Giant African Land Snail Overview
Scientific Name: Achatina fulica
• Origin: East Africa
• Ease of Care: Beginner
• Potential Adult Size: Up to 15cm
• Life Span: Up to 10 years
• Behaviour: Nocturnal
• Diet: Detritivore / Herbivore
• Handling: Beginner
• Humidity: 70-90%
Provide a source of calcium such as eggshell or cuttlefish bone, Do not give your Giant African Land Snail any citrus fruits, the acidity can cause health issues. Provide a shallow but sturdy water bowl. Add a deep layer of substrate to their enclosure.
Basic Equipment Needed
Housing: Terrarium Terrestrial set up
Heating: Not needed however you may need a heat mat attached to the outside
Lighting: LED, Substrate: HabiStat Jungle Bio, Sphagnum Moss, Arcadia EarthMix
Water: A light spray every few days.
Giant African Land Snails do not require an additional heat source, room temperature is sufficient.
• Background Temp: 20-25°C (68-77°F)
• HOT Spot: Not Needed
• Night-Time Temp: 18⁰C -25⁰C (64⁰F-77⁰F)
The Giant African Land Snail is a nocturnal species and requires a suitable light gradient in their terrarium to simulate a day/night light cycle. The Arcadia JungleDawn LED Bar provides a day/night cycle of illumination and aids with plant growth. Ensure that lighting is fitted correctly and
within the manufacturers recommended distances.
Substrate and Decoration
Personal choice will dictate how you decorate your enclosure, but we recommend the following as examples:
– HabiStat Jungle Bio, Sphagnum Moss, Arcadia EarthMix
– Cork bark
– Leaf litter
Diet & Water
The Giant African Land Snail has a varied diet. They feed on plants, leaves, non-citrus fruit, vegetables/salad, and decaying matter. Make sure to provide a shallow yet sturdy water dish for the Snail to hydrate if needed. The Tortoise Pool is an ideal easy access option. To help keep the species hydrated and maintain humidity, mist the terrarium surface as required.
Giant African Land Snail’s need additional supplementation in the form of a calcium and multi-vitamin powder and Calcium Mg. Please follow the packaging instructions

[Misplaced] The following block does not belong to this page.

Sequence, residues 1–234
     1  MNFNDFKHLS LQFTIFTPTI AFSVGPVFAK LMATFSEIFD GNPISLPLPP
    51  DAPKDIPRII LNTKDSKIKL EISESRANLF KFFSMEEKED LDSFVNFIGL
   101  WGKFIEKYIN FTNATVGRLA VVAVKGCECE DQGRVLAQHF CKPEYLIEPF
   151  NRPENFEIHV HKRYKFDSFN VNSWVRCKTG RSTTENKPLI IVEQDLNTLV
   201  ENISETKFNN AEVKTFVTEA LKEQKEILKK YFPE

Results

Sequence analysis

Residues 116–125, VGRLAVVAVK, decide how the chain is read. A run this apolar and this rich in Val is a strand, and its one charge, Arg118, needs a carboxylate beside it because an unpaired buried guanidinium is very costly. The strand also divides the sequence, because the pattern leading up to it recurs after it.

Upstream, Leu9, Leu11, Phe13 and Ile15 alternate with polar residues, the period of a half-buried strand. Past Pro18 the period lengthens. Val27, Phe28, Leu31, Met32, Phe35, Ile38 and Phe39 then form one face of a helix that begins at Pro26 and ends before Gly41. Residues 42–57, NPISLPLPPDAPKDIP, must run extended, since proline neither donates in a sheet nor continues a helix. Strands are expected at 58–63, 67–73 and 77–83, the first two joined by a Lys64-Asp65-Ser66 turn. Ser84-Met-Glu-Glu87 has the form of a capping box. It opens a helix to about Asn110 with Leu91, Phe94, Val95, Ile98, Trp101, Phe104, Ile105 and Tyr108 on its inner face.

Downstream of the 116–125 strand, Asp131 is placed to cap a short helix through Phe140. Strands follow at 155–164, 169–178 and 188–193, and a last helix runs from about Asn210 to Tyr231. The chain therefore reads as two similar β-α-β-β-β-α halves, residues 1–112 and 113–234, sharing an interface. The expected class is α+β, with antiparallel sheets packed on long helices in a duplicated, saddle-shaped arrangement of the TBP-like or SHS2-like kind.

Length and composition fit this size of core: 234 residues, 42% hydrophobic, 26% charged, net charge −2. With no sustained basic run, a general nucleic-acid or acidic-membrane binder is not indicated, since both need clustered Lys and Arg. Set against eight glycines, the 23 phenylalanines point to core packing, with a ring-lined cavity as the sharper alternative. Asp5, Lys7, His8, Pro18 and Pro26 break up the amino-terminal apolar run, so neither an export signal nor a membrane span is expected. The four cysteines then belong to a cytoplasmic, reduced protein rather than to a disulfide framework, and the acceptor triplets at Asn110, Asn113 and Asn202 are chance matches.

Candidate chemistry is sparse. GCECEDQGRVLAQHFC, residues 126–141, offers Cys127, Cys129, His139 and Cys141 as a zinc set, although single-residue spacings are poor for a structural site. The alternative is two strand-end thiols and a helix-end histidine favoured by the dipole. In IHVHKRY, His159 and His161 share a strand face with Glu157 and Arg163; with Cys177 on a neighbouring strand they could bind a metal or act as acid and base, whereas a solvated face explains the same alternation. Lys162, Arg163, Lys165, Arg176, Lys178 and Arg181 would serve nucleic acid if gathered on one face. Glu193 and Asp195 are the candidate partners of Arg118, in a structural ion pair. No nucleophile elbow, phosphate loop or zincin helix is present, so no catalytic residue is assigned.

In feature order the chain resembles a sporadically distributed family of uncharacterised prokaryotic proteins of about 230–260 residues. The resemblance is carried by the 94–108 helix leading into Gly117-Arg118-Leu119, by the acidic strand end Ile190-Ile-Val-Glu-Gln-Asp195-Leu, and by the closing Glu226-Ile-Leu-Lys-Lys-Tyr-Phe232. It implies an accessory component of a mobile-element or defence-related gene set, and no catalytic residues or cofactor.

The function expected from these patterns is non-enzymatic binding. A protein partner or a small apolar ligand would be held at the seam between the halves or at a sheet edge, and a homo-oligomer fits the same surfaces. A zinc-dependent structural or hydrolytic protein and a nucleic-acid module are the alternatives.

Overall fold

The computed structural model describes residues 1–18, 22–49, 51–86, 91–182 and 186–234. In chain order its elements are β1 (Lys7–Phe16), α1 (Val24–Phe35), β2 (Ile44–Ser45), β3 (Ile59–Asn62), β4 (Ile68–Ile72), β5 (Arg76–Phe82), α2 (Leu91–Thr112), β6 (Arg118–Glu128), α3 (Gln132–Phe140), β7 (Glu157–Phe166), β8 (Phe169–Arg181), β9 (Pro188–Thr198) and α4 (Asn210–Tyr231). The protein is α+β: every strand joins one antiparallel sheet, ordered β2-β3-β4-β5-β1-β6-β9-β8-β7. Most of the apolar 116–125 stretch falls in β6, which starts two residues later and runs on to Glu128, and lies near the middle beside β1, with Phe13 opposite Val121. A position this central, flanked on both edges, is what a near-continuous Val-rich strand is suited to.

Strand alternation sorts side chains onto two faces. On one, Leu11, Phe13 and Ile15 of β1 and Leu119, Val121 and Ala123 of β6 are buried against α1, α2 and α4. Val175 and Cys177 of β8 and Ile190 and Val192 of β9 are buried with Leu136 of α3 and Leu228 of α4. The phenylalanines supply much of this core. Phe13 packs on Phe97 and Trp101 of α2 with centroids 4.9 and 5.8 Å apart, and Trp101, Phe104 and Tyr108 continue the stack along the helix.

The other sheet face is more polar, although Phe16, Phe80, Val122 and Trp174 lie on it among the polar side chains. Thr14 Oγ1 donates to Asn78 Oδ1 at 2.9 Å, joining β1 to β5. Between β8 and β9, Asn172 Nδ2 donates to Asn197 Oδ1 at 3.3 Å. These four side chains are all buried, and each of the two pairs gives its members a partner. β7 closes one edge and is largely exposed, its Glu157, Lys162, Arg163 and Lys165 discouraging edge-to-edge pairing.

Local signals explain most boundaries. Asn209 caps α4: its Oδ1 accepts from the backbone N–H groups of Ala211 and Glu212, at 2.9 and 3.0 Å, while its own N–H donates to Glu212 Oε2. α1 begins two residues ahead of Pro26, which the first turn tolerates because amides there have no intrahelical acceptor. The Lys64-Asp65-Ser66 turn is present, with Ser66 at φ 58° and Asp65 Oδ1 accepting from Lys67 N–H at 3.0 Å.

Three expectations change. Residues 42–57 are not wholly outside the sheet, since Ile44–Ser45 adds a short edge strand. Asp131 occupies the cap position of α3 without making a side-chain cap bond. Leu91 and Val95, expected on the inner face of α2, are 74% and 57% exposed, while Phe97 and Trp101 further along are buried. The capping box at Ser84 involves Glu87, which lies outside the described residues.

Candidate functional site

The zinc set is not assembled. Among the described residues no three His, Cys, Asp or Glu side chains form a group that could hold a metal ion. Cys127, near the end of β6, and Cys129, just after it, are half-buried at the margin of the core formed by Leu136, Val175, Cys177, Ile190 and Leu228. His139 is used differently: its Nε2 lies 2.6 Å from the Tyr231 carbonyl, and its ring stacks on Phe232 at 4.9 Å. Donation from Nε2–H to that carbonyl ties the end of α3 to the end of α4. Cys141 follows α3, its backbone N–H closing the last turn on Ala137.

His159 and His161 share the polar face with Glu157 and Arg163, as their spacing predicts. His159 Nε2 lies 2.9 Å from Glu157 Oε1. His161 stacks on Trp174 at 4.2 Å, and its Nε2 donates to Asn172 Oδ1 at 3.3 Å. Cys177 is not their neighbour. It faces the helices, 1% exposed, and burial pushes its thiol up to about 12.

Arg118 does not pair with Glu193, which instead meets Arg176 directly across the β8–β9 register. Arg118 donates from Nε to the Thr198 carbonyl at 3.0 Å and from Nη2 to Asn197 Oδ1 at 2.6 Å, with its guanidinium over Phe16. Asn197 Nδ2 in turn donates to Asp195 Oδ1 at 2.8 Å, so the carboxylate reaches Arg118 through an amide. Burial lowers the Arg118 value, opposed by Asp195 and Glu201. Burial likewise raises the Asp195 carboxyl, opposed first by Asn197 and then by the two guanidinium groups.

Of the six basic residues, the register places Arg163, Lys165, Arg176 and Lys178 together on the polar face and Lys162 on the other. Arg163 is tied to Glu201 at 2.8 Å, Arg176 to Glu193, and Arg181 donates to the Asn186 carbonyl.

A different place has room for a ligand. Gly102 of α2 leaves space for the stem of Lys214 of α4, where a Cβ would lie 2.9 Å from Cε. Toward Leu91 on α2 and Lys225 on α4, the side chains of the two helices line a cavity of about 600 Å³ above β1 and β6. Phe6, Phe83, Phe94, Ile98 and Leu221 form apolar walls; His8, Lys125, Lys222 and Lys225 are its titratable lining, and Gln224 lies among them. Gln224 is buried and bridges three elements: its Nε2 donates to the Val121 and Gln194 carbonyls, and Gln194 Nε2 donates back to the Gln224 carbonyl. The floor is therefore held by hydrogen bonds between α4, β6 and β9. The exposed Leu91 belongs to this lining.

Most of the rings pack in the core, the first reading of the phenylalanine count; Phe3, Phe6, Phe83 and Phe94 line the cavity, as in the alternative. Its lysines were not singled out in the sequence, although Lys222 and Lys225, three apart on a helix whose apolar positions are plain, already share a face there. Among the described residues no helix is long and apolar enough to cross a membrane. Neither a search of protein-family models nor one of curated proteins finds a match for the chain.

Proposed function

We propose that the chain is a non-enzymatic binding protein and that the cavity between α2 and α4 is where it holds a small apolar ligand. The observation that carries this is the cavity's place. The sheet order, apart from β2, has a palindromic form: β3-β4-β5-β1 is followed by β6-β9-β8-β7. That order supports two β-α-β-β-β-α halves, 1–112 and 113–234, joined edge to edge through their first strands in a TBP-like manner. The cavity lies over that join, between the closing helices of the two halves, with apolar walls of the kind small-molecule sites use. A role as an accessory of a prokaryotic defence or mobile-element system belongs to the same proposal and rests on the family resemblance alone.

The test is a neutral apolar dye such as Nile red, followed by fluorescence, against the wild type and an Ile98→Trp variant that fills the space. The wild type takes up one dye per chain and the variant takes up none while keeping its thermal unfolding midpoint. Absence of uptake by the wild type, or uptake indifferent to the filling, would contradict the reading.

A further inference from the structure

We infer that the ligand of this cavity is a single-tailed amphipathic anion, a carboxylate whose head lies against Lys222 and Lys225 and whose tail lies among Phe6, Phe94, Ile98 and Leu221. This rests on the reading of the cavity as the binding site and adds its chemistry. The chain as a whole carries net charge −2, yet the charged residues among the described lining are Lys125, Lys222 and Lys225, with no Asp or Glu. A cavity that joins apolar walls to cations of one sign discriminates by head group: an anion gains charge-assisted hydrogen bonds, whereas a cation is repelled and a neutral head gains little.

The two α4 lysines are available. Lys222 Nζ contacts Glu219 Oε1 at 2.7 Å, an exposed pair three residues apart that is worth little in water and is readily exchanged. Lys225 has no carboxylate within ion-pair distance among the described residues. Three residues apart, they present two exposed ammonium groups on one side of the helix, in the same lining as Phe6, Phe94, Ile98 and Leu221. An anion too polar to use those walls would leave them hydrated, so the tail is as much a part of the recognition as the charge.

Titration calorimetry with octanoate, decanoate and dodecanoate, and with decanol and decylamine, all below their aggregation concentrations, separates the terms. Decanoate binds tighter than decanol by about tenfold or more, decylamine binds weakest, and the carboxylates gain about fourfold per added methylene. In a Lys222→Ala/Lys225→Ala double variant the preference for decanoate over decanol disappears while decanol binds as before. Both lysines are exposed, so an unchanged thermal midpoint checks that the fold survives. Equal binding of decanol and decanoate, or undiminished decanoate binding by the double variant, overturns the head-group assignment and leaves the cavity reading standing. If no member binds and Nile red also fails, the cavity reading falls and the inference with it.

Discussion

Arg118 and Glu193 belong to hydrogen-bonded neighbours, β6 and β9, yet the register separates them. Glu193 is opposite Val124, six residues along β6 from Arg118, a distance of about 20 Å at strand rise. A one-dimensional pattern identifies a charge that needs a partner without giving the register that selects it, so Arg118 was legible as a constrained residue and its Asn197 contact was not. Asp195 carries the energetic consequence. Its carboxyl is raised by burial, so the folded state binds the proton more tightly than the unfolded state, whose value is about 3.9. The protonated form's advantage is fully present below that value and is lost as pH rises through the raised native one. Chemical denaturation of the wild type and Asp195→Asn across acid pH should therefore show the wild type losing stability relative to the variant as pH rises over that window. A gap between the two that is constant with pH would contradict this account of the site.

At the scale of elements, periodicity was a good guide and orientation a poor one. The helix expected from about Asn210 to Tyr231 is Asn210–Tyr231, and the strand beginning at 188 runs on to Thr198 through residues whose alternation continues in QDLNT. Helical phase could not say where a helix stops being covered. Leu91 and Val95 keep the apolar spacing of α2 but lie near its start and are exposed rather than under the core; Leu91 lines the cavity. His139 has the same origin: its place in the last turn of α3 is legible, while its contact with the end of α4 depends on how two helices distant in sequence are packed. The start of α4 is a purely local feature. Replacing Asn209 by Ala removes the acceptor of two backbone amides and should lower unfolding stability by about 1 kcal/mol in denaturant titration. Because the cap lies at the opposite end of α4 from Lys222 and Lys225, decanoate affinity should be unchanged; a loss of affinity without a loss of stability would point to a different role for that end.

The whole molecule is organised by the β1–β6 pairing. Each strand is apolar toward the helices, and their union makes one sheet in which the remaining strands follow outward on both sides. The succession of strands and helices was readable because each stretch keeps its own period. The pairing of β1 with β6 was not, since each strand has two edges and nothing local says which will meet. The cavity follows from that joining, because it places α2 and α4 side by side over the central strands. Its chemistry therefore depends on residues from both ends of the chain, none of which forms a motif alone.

Giant African Land Snails’ lay an average of 200 eggs every 12 weeks. If your Giant African Land Snail produces eggs that you can’t or do not want to keep, make sure to dispose of them safely. The best way to do this is placing the eggs in a secure tub and freezing them as soon as possible. Once frozen for 48 hours they can then be put into your general waste or
compost bin. Avoid adding artificial plants to your enclosure, your snail will try and eat them
Health & Hygiene
We recommend the following cleaning routine to keep your African Land Snail healthy and happy.
Water should be changed each day, with their enclosure being spot cleaned. Check the vents on enclosures are not blocked and allow air to pass through freely.
Once a week you should Disinfect the water bowl or dish, agitate the substrate to prevent any bacterial build up and to allow any dirty bedding to be removed. Wipe down the glass and walls with a reptile safe disinfectant.
On a monthly basis take out old substrate or half and replace with new substrate. Wipe down inside the enclosure and disinfect decor with a reptile safe disinfectant.
Always wash your hands, surfaces and equipment with warm water and disinfectant immediately before and after handling or feeding your Snail, their food, enclosure and any other equipment.
The Five Animal Welfare Needs
The Animal Welfare Act 2006 means all pet owners have a legal duty of care to their pets. Anyone who is cruel to an animal or is found not to be providing the five animal welfare needs, as listed below, can be fined and sent to prison.
Environment: Pets should be given the correct housing according to its size, this includes shelter, space to exercise.
Diet: Pets should be offered the correct type and volume of food to cover all their nutritional needs alongside access to clean, fresh water and a secure, comfortable place to rest.
Behaviour: All pets should be allowed to exhibit normal behaviour patterns and should be provided with the facilities to do so.
Health: All animals should be protected from pain, suffering, injury and disease, and given veterinary treatment if they become sick or injured.
Company: Some animals require the company of their own kind, whilst others should be kept on their own.